AMBRY'SUS or AMPHRY'SUS ('Astros, Strab.; *Aft€pwo~aos, Paus.; "Apuppvoos, Steph. B. *. P.: Eth. 'ApSpvtrios, 'AfxSpvrrfvs, and in Inscr. 1'Ajk$pme<Tivs: Dhiatomd), a town of Phocis, was situated 60 stadia from Stiris, NE. of Anticyra, at the southern foot of Mt. Cirphis (not at the foot of Parnassus, as Pausanias states), and in a fertile valley, producing abundance of wine and the coccus, or kermes -berry, used to dye scarlet. It was destroyed by order of the Ainphictyous, but was'rebuilt

and fortified by the Thcbans with a double wall, in their war against Philip. Its fortifications were considered by Pausanias the strongest in Greece, next to those of Messene, (Paus. x. 3. § 2, x. 36. § 1, seq., iv. 31. § 5; Strab. p. 423.) It was taken by the Romans in the Macedonian war, B. C 198. (Liv. xxxii. 18.) The site of Ambrysus is fixed at the modern village of Dhistomo, by an inscription which Chandler found at the latter place. The remains of the ancient city are few and inconsiderable. (Dodwell, Tour through Greece, vol. i. p. 196, seq.; Leake, Northern Greece, vol. ii. p. 535, seq.)

AMENA'NUS ('A^ieVwor, Strab.: *Api*vav6st Steph. Byz. where the MSS. have 'AticAiavds; 'Ap4vas, Pind.: Amenana flumina, Ovid. Fast. iv. 467), a small river of Sicily which flows through the city of Catania, now called the Giudicelh. It is noticed by Strabo (p. 240) as remarkable for the vicissitudes to which it was subject, its waters sometimes failing altogether for years, and then flowing again in abundance. The same peculiarity is remarked by Ovid (J/ef. xv. 279), and is still observed with regard to the Giudicelh. It is probably connected with internal changes of Etna, at the foot of which it rises. (Fazell. iii. 1. p. 138; Cluver. Sicil p. 120; D'Orville, Sicula, p. 218.) Pindar speaks of the newly founded city of Aetna (the name given by Hieron to Catana) as situated by the waters of the Amenas, but the correctness of the form Amenanos, preserved by Strabo, is attested by coins of Catana, which bear on the obverse the head of the river deity, under the usual form of a youthful male head with horns on the forehead, and the name at full length AMENANOS. (Castcll. Sicil. Numism. pi. 20, fig. 8.) [E. H. B.]

AMELIA. [cabira.]

AME'RIA ('Afttpta, Strab. Ptol. Plut. Mar. 17; 'Apiipiov, Steph. B.: Eth. Amerinus: Amelia), one of the most ancient and important cities of Umbria, situated about 15 m. S. of Tuder, and 7 W. of Narnia, on a hill between the valley of the Tiber and that of the Nar, a few miles above their junction. (Strab. p. 227; Pliu. iii. 14. s. 19; PtoL iii. 1. § 54; Festus, *. r.) According to Cato (jap. Plin. /. c.) it was founded 964 years before the war with Perseus, or 1135 B.C.: and although this datecannot be regarded as historical, it may be received as evidence of a belief in its remote antiquity. The still extant remains of its ancient walls, constructed in the polygonal style, prove it to have been a place of strength in early times: but it is remarkable that its name is not once mentioned during the wars of Rome with t he Umbrians, nor does it occur in history previous to the time of Cicero. But the great orator, in his defence of Sex. Rosciui,whowasanative of Ameria, repeatedly mentions it in a manner which proves that it must then have been a flourishing municipal town: its territory extended to the Tiber, and was fertile in osiers and fruit trees. (Cic. pro Sex.Rosc. 7, 9,&c; Virg. Georg. i. 265; Colum. iv. 30, v. 10 ) Its lands were portioned out by Augustus among his veterans; but it did not obtain tbe rank of a colony, as we find it both in Pliny and inscriptions of later date styled only a municipium. (Lib. Colon, p. 224; Zumpt. de Colon, p. 356; Inscr. ap. Grut.p.485.5, 1101. 2,1104.) The modern town of A melia retains the ancient site as well as considerable portions of the ancient walls: it is now a small place with only about 2000 inhabitants, though still the see of a bishop.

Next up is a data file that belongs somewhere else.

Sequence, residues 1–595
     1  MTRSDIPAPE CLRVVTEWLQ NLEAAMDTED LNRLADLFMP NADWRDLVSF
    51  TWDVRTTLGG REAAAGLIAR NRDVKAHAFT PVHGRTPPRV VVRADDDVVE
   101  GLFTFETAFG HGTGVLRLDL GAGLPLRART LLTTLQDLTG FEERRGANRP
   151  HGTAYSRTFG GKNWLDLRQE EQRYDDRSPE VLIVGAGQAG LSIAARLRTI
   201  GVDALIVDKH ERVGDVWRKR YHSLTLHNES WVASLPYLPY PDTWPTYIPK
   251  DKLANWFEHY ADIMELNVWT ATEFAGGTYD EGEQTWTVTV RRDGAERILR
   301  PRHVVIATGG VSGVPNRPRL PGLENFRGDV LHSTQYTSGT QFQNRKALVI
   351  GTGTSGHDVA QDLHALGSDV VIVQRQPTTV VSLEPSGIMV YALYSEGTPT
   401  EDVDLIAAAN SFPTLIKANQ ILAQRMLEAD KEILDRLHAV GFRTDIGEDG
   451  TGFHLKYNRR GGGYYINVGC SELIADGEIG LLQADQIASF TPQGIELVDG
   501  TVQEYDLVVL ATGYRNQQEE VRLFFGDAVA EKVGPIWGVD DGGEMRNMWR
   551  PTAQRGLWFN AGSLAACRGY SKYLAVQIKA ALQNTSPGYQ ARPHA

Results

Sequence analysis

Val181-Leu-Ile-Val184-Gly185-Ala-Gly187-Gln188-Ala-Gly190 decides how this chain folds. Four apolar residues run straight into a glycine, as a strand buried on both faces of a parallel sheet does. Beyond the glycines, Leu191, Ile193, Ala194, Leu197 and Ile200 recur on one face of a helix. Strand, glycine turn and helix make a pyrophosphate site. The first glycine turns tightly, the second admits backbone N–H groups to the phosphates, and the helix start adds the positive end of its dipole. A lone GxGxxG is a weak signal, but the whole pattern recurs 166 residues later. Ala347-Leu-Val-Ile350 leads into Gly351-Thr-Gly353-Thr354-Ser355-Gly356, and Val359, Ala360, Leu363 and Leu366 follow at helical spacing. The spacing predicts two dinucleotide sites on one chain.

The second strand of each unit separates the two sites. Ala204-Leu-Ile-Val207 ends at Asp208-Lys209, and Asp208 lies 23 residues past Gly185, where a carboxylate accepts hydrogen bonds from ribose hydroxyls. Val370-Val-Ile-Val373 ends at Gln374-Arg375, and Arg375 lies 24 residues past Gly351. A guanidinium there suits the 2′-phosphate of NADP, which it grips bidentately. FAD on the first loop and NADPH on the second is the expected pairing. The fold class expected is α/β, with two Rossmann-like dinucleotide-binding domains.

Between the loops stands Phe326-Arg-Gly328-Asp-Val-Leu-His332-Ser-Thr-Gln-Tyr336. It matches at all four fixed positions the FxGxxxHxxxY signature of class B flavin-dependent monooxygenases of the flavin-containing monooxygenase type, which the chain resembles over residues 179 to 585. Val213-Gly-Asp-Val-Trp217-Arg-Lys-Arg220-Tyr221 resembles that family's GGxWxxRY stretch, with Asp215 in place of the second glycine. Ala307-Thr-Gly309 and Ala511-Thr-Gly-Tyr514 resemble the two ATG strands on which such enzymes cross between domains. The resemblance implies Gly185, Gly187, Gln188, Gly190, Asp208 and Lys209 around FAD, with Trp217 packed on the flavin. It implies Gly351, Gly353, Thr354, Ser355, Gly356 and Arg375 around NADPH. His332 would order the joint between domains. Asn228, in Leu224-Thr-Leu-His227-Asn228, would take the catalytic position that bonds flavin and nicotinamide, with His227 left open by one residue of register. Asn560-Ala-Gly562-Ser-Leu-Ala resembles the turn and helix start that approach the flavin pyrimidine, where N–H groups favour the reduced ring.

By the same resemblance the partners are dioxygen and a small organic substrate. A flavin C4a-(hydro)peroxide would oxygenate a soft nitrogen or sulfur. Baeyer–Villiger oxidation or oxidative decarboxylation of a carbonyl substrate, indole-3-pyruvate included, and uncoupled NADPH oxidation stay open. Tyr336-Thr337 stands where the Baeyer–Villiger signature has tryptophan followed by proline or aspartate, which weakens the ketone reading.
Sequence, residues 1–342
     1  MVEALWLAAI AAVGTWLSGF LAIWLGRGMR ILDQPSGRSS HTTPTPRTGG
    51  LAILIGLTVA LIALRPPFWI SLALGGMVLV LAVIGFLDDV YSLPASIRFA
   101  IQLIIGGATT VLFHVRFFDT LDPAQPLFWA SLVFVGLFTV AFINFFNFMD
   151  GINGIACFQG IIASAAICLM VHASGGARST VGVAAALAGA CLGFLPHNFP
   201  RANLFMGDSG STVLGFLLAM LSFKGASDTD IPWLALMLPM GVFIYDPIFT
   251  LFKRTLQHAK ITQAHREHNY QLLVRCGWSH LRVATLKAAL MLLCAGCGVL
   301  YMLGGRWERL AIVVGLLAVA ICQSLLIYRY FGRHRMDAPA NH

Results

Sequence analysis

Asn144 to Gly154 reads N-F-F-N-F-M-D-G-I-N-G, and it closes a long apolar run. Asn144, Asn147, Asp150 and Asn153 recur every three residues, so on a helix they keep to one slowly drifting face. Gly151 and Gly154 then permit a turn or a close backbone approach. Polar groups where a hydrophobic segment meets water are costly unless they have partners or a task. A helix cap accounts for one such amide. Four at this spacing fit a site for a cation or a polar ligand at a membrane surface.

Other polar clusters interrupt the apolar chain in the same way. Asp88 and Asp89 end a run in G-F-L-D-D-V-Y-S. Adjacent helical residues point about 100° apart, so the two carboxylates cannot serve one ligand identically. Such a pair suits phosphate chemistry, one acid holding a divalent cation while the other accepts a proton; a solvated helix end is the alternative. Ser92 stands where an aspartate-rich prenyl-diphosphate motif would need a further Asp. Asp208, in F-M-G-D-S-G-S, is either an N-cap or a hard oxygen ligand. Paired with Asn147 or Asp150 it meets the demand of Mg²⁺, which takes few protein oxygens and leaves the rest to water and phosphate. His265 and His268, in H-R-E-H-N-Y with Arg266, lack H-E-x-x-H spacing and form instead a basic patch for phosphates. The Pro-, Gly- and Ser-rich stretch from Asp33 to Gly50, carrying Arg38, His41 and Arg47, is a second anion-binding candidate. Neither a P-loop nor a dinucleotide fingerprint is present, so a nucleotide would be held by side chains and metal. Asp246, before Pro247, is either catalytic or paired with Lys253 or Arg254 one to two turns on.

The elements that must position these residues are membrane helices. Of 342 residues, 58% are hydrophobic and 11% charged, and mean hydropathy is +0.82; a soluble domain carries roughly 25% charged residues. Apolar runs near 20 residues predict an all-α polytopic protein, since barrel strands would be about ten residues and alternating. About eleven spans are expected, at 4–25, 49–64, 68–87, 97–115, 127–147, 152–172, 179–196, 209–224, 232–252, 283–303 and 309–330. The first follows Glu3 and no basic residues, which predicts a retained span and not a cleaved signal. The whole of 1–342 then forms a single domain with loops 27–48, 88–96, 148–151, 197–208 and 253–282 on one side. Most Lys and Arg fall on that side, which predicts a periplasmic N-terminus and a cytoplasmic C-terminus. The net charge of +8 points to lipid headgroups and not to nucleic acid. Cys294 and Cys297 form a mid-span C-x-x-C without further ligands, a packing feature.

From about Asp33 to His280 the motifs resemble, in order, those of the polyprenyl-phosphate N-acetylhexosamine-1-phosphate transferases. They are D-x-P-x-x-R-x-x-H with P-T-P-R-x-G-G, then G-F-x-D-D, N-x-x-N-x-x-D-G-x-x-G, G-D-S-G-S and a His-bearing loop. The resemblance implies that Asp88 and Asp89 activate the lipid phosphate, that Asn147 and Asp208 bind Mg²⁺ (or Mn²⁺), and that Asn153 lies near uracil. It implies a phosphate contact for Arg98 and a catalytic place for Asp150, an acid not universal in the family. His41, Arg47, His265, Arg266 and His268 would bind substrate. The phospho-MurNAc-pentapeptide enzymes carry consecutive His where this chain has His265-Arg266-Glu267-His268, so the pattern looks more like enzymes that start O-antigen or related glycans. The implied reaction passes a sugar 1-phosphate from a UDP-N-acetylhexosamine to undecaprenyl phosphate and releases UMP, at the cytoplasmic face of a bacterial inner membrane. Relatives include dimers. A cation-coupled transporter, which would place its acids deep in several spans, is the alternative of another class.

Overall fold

The Tabula Pcutingeriana gives a line of road which branches off from the Via Clodia at Baccanas {Baecano) and leads through Ncpe and Falerii to Ameria and thence to Tader: this can be no other than the Via Amerina mentioned in an inscription of the time of Hadrian (Orell. 3306). The distances, as given in the Table, make Ameria distant 57 M. P. from Rome by this route, which agrees very closely with a casual statement of Cicero (pro Sex. Rote. 7. § 18) that it was 56 miles from the one to the other. The Castellum Amerinum placed by the Table at 9 M. P. from Ameria on the road to Falerii is otherwise unknown. [E. H. B.]